As I sit here writing this post snow is falling outside my window. It’s only the middle of November and this is highly unusual for Toronto. Alas, if I only I had a bowl of this delicious chili to warm me up! Sadly, we’ve eaten it all!
The basic ingredients for chili con carne are beef, tomatoes, green chilis and beans. There is some controversy among “chili purists” about the original ingredients, but who cares! I think this is what most of us grew up with and I remember how satisfied I felt as a kid after a meal of chili and toast. Now I just eat the chili as is, but I’ll often add some extra vegetables (like in my picture above) or make a salad to go with it.
The best thing about this chili is that it’s a slow cooker chili con carne. I’ve found that you really need to slow simmer a chili for at least three hours on the stove top. It takes a few hours for the flavours to fully impart into the chili. The longer the duration, the more the green chilis mellow (less of a bite), and the tomatoes become less acidic. Not only that but you have to stick around to stir the pot every 15-minutes over a 3-4 hour period. I am so over that! This recipe takes 15-minutes to prepare. While Im browning the ground beef, I can prepare the remaining ingredients. Once I set the crock pot to cook, I’m done working!
You can make a ground turkey or ground chicken chili. Ground sirloin would really add to the boldness of the flavour. I like to play around with spices. Sometimes I only use cumin and chili (fresh green or red chilis, dried chili flakes, or dried red chili powder). I’ve also added Spanish paprika, which pairs well with the flavours of the chili and beef fat.
Onions and garlic are must-haves, but you can have fun with different vegetable combinations. Celery is one of my standard ingredients, and usually carrots. All these vegetables are aromatics, which you can use in soups and stews to enhance flavour. I prefer adding vegetables, because I want to make sure I always get enough in my daily diet. I’ve also used fennel bulb (in place of celery) and turnip – both vegetables hold up well (they don’t get mushy) for the longer cooking duration.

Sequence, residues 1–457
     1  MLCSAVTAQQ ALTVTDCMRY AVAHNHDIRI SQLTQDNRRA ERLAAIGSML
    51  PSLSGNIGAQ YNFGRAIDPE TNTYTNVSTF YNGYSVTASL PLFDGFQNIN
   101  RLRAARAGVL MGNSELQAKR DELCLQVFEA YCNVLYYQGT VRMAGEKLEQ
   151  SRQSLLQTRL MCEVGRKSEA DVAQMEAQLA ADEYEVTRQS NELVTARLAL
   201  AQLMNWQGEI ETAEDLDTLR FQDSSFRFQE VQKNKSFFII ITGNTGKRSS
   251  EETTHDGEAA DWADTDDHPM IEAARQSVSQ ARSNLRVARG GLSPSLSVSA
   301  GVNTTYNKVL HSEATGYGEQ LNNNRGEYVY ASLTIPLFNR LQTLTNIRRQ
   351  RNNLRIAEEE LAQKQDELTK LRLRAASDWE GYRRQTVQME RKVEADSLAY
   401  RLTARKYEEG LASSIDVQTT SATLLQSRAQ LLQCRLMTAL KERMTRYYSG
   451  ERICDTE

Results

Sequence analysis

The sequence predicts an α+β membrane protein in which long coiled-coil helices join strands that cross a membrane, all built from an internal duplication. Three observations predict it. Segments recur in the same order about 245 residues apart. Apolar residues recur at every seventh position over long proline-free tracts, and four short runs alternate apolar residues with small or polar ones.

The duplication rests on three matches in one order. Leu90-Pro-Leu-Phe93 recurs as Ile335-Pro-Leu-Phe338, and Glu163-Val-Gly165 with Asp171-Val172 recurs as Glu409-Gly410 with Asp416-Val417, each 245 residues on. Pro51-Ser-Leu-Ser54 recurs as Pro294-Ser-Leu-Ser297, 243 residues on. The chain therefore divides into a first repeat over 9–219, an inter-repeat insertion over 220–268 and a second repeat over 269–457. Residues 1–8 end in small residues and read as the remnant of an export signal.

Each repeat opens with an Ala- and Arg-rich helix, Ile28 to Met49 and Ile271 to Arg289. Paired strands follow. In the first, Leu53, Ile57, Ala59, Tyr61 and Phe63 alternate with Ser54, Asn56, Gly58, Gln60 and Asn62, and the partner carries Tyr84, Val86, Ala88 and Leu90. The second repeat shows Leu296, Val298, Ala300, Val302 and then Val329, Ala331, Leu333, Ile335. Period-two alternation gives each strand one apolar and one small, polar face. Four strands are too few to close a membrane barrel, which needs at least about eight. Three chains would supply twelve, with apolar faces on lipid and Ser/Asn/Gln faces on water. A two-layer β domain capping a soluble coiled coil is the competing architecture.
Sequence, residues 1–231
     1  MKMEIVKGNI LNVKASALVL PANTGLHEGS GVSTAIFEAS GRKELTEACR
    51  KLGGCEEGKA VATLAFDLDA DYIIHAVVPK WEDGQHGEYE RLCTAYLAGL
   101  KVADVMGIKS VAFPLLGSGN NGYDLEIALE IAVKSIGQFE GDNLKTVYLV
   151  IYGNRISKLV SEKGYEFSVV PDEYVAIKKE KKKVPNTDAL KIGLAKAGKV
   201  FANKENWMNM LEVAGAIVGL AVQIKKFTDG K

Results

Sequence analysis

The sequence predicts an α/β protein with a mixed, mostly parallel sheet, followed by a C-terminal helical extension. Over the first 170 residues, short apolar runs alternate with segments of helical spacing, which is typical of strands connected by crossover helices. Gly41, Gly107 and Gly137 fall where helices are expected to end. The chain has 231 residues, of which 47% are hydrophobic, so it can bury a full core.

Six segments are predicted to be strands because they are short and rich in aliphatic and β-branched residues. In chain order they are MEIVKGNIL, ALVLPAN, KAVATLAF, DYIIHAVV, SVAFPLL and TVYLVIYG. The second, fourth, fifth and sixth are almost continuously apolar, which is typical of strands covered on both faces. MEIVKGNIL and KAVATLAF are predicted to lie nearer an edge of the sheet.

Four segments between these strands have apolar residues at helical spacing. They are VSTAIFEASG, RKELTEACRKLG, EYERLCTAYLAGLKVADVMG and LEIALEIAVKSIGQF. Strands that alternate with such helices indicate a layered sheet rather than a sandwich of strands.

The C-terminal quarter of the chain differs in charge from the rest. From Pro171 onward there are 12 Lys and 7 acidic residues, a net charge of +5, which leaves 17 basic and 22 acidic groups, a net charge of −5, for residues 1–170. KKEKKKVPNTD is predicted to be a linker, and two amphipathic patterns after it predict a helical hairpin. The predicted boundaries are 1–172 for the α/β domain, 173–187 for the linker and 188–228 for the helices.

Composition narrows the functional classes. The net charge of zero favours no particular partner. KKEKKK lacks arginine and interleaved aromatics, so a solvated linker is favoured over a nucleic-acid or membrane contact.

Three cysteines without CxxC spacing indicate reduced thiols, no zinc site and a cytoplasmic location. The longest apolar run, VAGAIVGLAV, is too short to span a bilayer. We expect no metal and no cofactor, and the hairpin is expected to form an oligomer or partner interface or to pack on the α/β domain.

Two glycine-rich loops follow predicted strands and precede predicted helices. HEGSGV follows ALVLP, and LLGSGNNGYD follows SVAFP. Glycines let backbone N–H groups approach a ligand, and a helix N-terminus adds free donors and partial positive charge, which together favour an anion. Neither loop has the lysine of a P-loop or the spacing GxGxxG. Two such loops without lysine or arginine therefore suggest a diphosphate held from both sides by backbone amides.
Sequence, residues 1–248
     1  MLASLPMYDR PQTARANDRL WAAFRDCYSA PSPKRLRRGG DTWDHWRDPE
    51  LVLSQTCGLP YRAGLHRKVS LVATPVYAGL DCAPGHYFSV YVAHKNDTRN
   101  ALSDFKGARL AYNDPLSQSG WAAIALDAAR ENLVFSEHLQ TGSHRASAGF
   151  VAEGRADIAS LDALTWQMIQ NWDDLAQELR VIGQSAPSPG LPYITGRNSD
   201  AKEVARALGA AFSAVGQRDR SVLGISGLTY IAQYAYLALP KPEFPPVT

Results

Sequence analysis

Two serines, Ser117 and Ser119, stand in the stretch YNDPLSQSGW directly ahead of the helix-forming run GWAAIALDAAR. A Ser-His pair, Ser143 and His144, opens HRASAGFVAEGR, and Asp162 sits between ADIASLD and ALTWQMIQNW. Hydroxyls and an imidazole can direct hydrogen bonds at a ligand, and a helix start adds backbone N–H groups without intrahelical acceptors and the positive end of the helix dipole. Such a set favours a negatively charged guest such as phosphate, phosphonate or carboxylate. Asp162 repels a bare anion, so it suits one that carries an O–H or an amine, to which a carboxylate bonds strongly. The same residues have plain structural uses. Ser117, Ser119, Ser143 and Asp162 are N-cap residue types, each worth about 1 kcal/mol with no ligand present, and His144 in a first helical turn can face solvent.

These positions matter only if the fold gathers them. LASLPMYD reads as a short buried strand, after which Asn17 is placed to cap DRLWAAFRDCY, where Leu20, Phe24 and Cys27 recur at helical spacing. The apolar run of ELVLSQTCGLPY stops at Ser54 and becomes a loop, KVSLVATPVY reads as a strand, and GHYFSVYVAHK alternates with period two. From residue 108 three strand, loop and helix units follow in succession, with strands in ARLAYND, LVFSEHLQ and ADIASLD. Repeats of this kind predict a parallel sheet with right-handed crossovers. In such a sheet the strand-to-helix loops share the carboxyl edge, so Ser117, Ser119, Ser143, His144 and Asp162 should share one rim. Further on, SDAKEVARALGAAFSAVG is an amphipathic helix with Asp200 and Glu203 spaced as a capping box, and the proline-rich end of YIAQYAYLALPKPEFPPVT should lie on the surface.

When it comes to beans, I find kidney beans impart the best flavour with the ground beef. Black beans and Romano also work well.
The amount of liquid in chili comes primarily from the amount of tomatoes used. Other liquids that add to the total amount include Balsamic vinegar, Worcestershire sauce, or red wine.
If I were making this recipe on the stove I would have used two large cans of plum tomatoes. Using a slow cooker requires much less liquid, because there is no evaporation during the cooking process. I’ve experimented with my slow cooker recipes to see how little liquid I need to get the same consistency as a stove top cooked stew.
I first got the amount of liquid right with my Veal Butternut Squash Slow Cooker Stew. Normally I use two large cans of plum tomatoes for three 3-4 pounds of meat for cooking on the stove top. When using a slow cooker I’ve discovered that the ratio is one large can of tomatoes to 3-4 pounds of meal. It will look like you need to add more to the crock pot, but trust me, the consistency is perfect!
Eat well to be well.
Slow Cooker, cast iron pan, cutting board, sharp knife, measuring cups and spoons, wooden spoon.